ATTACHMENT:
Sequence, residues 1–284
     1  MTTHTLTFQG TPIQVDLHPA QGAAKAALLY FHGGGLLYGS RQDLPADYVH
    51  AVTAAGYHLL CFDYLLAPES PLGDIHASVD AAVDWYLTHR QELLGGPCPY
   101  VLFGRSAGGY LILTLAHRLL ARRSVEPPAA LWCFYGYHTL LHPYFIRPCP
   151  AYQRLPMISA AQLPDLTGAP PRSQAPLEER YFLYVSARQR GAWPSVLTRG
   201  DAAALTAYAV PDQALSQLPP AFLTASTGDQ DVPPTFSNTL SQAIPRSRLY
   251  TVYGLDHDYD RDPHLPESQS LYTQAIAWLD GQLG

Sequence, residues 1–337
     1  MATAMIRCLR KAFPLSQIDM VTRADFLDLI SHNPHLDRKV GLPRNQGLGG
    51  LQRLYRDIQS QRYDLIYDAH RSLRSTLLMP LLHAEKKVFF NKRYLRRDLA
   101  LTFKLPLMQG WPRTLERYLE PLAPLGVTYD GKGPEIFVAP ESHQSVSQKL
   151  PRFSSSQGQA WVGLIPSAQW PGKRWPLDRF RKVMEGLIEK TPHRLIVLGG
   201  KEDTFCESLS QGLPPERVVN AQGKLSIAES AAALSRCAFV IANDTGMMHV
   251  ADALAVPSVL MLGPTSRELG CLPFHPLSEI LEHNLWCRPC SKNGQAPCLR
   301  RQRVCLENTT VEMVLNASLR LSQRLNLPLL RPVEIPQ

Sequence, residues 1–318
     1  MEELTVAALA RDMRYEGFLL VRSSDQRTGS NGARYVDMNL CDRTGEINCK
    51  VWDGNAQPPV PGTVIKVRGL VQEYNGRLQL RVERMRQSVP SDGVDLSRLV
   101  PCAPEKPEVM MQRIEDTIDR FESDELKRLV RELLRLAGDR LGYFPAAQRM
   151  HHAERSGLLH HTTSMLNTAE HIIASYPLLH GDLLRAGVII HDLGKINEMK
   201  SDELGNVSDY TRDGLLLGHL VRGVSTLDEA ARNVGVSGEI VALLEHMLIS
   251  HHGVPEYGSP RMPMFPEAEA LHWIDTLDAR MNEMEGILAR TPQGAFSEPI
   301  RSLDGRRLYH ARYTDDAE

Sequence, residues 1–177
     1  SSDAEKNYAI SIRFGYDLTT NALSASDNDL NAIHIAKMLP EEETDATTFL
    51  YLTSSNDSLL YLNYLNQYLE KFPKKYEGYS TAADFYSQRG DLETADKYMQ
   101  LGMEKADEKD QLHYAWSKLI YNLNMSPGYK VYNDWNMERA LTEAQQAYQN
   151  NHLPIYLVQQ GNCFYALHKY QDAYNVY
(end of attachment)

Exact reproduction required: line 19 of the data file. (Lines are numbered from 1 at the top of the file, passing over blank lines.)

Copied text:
   101  PCAPEKPEVM MQRIEDTIDR FESDELKRLV RELLRLAGDR LGYFPAAQRM